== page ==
From Iceland — Modern Installations at Hafnarborg

Modern Installations at Hafnarborg

Published September 22, 2006

Modern Installations at Hafnarborg

The group exhibition entitled “Mega vott,” currently on display at The Hafnarfjörður Institute of Culture and Fine Art (Hafnarborg), features the works of contemporary sculpture contributed by five women. Artists shown are Icelanders Anna Eyjólfsdóttir, Ragnhildur Stefánsdóttir, Rúrí, Þórdís Alda Sigurðardóttir and American Jessica Stockholder. Although their works, which include abstract instalments, differ in many ways, the women share a common need to reevaluate their art form in a radical way. They seek to expand aesthetic approaches by breaking some conventional rules.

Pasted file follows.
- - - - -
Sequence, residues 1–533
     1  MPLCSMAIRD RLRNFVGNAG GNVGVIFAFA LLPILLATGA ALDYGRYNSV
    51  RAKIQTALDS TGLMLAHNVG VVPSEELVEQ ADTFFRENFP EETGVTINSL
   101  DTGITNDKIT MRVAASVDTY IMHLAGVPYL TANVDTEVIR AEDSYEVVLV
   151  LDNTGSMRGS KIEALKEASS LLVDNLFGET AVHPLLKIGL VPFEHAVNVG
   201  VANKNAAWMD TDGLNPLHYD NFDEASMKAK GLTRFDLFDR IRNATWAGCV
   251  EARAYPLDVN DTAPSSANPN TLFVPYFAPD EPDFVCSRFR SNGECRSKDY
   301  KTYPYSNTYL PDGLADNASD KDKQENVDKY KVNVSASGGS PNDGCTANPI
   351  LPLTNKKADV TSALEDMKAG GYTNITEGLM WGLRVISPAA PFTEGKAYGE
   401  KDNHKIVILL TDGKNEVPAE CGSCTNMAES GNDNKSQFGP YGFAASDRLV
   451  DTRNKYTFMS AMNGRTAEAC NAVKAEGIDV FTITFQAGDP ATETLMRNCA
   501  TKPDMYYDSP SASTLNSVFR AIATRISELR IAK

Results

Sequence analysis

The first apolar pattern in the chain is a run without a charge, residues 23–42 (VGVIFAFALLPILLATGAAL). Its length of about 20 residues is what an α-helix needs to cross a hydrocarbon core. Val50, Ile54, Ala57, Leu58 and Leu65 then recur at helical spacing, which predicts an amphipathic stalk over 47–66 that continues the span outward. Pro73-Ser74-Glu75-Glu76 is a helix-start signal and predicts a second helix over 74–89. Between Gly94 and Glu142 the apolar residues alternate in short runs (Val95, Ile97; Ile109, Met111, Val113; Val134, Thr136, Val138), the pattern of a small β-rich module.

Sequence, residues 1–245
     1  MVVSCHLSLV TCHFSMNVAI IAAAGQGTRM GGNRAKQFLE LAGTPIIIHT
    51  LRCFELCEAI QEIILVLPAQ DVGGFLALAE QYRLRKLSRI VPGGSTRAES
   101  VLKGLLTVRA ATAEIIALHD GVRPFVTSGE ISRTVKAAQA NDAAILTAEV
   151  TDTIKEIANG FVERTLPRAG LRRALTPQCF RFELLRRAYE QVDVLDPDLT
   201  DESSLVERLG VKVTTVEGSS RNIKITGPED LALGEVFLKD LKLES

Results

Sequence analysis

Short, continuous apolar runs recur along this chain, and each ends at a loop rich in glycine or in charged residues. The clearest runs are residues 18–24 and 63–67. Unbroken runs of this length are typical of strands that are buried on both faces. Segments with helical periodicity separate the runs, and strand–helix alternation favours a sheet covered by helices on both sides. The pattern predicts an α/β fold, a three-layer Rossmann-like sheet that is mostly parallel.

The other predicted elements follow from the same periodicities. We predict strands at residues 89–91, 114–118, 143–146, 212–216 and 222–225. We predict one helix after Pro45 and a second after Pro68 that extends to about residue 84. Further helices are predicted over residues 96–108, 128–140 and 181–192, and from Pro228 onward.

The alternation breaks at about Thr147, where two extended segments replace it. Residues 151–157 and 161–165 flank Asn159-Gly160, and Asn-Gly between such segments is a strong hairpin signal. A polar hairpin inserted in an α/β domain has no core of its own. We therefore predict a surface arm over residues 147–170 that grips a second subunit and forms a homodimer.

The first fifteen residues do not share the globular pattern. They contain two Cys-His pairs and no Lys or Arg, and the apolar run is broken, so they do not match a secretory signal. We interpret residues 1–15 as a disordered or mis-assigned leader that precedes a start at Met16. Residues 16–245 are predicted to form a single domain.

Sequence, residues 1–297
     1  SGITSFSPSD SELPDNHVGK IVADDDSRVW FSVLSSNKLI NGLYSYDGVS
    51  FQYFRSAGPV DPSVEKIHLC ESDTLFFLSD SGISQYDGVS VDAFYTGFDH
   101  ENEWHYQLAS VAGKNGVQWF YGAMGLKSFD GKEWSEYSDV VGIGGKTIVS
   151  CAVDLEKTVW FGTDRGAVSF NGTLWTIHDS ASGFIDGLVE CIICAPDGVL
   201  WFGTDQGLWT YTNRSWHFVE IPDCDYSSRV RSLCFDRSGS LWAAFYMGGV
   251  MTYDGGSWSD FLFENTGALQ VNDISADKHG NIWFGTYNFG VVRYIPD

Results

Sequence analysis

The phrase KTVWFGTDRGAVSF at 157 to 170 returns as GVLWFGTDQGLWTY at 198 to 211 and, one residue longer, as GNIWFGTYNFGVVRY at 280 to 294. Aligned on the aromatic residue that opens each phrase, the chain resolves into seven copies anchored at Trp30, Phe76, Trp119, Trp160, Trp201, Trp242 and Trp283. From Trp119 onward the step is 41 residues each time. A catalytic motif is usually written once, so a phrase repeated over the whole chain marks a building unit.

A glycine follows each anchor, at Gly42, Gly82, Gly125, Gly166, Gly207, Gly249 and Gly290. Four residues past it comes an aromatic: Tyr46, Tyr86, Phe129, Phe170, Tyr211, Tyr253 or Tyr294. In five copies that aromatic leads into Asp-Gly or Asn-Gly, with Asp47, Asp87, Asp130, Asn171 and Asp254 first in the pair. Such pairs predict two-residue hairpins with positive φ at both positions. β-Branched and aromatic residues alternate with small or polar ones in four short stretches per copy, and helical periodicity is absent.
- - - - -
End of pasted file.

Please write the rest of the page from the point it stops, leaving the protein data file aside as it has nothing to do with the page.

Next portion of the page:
Stockholder, for example, mixes mass-produced objects like refrigerators, old suitcases and store containers together with self designed modules, resulting in unique compositions. The effect is one of mixing recycling and strong formalism, two concepts usually not linked together. Sigurðardóttir and Eyjólfsdóttir’s works impose similar visual deliverance upon their patrons.
While the human body may be Stefánsdóttir´s output, her works are in no way similar to traditional sculptures. In her exhibitions she has cut the body to pieces and reassembled, at the same time transforming human organs in visually different arrangements.
Rúri is known for her refusal to confine herself to one medium. She has, for example, used photographs and videos to broaden her creations. Her current video installation at Hafnarborg taps strong historical references which are based on her travel experiences to Bosnia & Herzegovina, as well as neighbouring countries, in 1998. It is accompanied by music composed by Hilmar Örn Hilmarsson, the Icelandic “allsherjargoði”, which serves to meld her ideas into one unique piece.
The exhibition will be open until October 2nd.

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